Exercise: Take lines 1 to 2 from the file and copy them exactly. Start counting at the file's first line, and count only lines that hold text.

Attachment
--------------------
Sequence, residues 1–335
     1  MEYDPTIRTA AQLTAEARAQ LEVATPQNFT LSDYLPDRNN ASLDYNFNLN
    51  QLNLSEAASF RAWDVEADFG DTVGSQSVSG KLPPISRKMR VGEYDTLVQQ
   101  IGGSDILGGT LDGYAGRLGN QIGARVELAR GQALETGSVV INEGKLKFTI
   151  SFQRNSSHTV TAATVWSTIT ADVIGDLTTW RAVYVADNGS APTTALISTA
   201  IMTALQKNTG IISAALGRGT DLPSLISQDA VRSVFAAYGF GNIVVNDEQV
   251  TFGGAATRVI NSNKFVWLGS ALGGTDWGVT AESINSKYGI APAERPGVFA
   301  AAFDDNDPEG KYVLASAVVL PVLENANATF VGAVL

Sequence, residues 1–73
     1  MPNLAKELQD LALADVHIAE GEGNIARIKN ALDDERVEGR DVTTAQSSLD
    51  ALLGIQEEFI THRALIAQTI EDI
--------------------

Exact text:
Sequence, residues 1–335
     1  MEYDPTIRTA AQLTAEARAQ LEVATPQNFT LSDYLPDRNN ASLDYNFNLN